Since December 4, 2006, enterprising plaintiffs’ lawyers have filed numerous class action lawsuits alleging that retail businesses are violating federal identity theft laws by improperly printing credit card information on point-of-sale receipts. These lawsuits highlight both the importance of complying with the Fair Credit Reporting Act, which requires that consumer credit, employment, and insurance information be protected and used in a fair and equitable manner, and the substantial perils faced by businesses who do not protect their customers’ sensitive information.
Congress amended FCRA on December 4, 2003, through the adoption of the Fair and Accurate Credit Transaction Act. FACTA focuses on a number of areas, including the prevention of identity theft. In particular, FACTA added rules requiring businesses to truncate electronic receipts so that the receipts would not reveal more than the last five digits of credit or debit card numbers. [N]o person that accepts credit cards or debit cards for the transaction of business shall print more than the last five digits of the card number or the expiration date upon any receipt provided to the cardholder at the point of the sale or transaction. 15 U.S.C. §1681(c)(g)
This prohibition against businesses printing more than the last five digits of a credit or debit card number on an electronically generated point-of-sale receipt went into effect on January 1, 2005, for any new equipment first put into use on or after that date. Recognizing that businesses would need time to modify older equipment already in service, Congress created an exception for equipment already in use before January 1, 2005, for which the prohibition first took effect on December 4, 2006.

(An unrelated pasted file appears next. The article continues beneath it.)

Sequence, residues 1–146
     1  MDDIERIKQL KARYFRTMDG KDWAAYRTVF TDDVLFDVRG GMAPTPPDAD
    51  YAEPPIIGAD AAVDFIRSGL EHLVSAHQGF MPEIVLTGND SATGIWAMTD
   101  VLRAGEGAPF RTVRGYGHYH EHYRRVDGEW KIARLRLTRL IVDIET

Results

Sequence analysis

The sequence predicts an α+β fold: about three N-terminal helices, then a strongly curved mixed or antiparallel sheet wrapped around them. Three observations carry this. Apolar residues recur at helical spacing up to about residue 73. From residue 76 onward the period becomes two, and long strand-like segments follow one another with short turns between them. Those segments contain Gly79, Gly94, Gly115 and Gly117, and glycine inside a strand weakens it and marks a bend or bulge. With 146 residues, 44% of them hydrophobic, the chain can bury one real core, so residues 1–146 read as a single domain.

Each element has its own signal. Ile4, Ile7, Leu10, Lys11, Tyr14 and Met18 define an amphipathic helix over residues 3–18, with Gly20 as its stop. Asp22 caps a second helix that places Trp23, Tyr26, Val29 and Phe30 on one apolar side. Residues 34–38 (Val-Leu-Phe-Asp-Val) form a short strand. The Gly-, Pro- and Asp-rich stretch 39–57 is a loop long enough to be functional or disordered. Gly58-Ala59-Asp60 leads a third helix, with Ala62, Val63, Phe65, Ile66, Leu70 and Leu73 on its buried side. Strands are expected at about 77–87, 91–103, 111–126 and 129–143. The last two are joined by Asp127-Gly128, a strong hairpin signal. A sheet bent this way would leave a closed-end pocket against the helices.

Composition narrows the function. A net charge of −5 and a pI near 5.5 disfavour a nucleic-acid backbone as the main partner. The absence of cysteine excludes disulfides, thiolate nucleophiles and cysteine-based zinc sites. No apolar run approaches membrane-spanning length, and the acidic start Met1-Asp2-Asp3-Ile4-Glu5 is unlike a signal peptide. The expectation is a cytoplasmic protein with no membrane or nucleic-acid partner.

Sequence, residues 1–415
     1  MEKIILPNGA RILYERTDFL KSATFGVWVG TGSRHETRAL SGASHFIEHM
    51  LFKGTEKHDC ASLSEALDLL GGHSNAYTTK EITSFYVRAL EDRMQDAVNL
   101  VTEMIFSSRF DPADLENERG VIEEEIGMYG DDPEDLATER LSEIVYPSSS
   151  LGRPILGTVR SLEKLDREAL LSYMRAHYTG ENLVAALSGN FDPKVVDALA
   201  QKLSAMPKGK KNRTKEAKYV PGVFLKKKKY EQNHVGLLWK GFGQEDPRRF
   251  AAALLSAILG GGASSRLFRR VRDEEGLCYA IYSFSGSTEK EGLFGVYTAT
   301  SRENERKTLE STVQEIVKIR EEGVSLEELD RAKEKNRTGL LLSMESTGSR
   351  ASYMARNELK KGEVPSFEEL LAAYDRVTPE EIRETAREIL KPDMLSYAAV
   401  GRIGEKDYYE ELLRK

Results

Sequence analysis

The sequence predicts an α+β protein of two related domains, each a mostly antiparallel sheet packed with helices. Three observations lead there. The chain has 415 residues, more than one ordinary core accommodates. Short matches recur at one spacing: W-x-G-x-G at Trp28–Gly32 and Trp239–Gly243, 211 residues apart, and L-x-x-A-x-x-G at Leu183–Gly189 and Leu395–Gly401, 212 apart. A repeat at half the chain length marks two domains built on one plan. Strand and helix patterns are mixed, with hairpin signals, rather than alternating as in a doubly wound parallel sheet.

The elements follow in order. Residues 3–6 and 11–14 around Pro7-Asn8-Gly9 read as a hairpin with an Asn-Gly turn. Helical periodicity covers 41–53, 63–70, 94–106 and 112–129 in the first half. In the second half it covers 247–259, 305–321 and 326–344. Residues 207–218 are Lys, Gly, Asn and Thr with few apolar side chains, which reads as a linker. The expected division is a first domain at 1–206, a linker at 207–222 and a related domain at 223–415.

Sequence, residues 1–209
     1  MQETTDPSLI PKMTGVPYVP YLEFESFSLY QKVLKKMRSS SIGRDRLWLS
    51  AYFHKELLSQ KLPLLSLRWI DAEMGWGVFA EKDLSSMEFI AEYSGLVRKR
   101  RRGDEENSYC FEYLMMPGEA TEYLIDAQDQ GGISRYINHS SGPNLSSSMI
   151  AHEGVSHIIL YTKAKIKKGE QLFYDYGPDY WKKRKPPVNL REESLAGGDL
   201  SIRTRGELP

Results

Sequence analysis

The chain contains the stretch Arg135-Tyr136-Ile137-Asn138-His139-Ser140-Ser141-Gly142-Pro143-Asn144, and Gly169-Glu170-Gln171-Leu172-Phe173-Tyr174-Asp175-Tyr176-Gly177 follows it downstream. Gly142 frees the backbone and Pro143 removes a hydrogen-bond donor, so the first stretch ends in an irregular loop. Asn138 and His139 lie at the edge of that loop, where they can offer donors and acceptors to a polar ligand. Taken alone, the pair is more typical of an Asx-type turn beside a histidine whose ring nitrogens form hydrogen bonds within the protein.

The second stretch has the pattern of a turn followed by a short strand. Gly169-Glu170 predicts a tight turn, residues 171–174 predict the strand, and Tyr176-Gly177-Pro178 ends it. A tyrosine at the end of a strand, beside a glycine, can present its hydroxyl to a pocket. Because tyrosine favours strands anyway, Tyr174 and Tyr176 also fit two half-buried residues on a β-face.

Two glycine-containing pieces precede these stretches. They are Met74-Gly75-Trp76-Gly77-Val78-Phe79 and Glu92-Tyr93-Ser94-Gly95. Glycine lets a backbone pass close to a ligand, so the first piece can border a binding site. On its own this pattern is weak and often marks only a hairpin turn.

Businesses who “willfully” print receipts that violate the FACTA prohibitions are subject to an award of actual damages or statutory damages of not less than $100 and not more than $1,000 for each violation, as well as costs of suit, reasonable attorneys’ fees, and punitive damages. There is also liability for negligent failure to comply with the statute, but since statutory and punitive damages are not available remedies for negligent violations, plaintiffs are routinely alleging that defendants have acted willfully in their alleged non-compliance.
Since the FACTA December 4, 2006, deadline, plaintiffs have been quick to commence numerous lawsuits seeking to certify nationwide classes of consumers who allegedly have been harmed as a result of businesses printing credit and debit card receipts reflecting more than the last five digits of the consumers’ card numbers. These suits allege that despite the extra time afforded by FACTA to convert equipment in use prior to January 1, 2005, many defendants have failed to do so. Given the available statutory and punitive damages, the plaintiffs stand to receive substantial awards if they are able to establish willful non-compliance and obtain class certification. All businesses who accept credit or debit cards in consumer transactions should immediately check their compliance with the FACTA requirements.